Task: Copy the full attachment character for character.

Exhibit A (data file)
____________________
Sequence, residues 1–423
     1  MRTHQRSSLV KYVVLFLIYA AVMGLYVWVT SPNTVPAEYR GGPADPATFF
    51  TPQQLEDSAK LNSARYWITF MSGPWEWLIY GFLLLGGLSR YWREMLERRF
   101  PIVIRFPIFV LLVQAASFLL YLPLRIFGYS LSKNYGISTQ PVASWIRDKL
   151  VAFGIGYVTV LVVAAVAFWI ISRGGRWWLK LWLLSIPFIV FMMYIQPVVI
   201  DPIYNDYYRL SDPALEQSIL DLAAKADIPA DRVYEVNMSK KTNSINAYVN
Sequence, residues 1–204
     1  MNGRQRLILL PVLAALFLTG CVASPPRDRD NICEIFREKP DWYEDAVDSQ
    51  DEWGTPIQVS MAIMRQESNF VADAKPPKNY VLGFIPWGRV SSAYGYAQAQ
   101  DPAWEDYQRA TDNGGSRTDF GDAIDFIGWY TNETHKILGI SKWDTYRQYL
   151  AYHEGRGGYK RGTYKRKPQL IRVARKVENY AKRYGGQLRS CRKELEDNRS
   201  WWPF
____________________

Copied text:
Sequence, residues 1–423
     1  MRTHQRSSLV KYVVLFLIYA AVMGLYVWVT SPNTVPAEYR GGPADPATFF
    51  TPQQLEDSAK LNSARYWITF MSGPWEWLIY GFLLLGGLSR YWREMLERRF
   101  PIVIRFPIFV LLVQAASFLL YLPLRIFGYS LSKNYGISTQ PVASWIRDKL
   151  VAFGIGYVTV LVVAAVAFWI ISRGGRWWLK LWLLSIPFIV FMMYIQPVVI
   201  DPIYNDYYRL SDPALEQSIL DLAAKADIPA DRVYEVNMSK KTNSINAYVN
Sequence, residues 1–204
     1  MNGRQRLILL PVLAALFLTG CVASPPRDRD NICEIFREKP DWYEDAVDSQ
    51  DEWGTPIQVS MAIMRQESNF VADAKPPKNY VLGFIPWGRV SSAYGYAQAQ
   101  DPAWEDYQRA TDNGGSRTDF GDAIDFIGWY TNETHKILGI SKWDTYRQYL
   151  AYHEGRGGYK RGTYKRKPQL IRVARKVENY AKRYGGQLRS CRKELEDNRS
   201  WWPF